On Memorial Day, when a dozen Miami Beach police officers shot and killed an armed driver allegedly trying to run down officers with his car, cameras were rolling. Within three hours, the first of several videos had gone viral on YouTube and Facebook, says the Miami Herald. The Miami Beach Police Department faced a grilling not just over the fatal shooting, but over its handling of a witness, who said police slapped him into handcuffs, snatched his cellphone camera and stomped it. A Channel 10 newsman's camera was briefly seized.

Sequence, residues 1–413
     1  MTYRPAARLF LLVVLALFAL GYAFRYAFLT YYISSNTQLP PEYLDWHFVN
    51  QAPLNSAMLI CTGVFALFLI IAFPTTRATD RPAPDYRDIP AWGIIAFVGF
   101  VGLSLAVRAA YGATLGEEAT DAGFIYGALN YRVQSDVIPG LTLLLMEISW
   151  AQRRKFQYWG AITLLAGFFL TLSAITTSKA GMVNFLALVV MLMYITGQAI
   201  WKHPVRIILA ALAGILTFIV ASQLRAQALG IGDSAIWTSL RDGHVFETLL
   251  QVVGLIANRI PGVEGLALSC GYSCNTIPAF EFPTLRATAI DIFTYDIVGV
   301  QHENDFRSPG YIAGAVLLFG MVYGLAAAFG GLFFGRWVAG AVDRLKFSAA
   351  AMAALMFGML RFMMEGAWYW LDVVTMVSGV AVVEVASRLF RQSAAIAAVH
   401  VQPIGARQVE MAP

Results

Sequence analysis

While Miami Beach police have denied that anyone's phone was stomped, the accusations echo previous complaints against the department — and underscore nationwide frictions between law enforcement, who generally don't like being filmed doing their jobs, and civilians in an era of ubiquitous cellphone cameras. “This isn't just a one-time thing,” said Gregory Samms, a criminal defense attorney representing two men who say they were beaten and wrongfully arrested in 2008 after briefly filming a Miami Beach police traffic stop. “This is what they do on Miami Beach. This is how they operate.” Police seized multiple cameras on Memorial Day, but they were not trying to cover up their actions, said Police Chief Carlos Noriega. The officers were determined to preserve evidence, not destroy it, he said. Since 2008, at least 11 people say they were either arrested and/or stripped of their cameras or phones by police in Miami Beach after filming officers.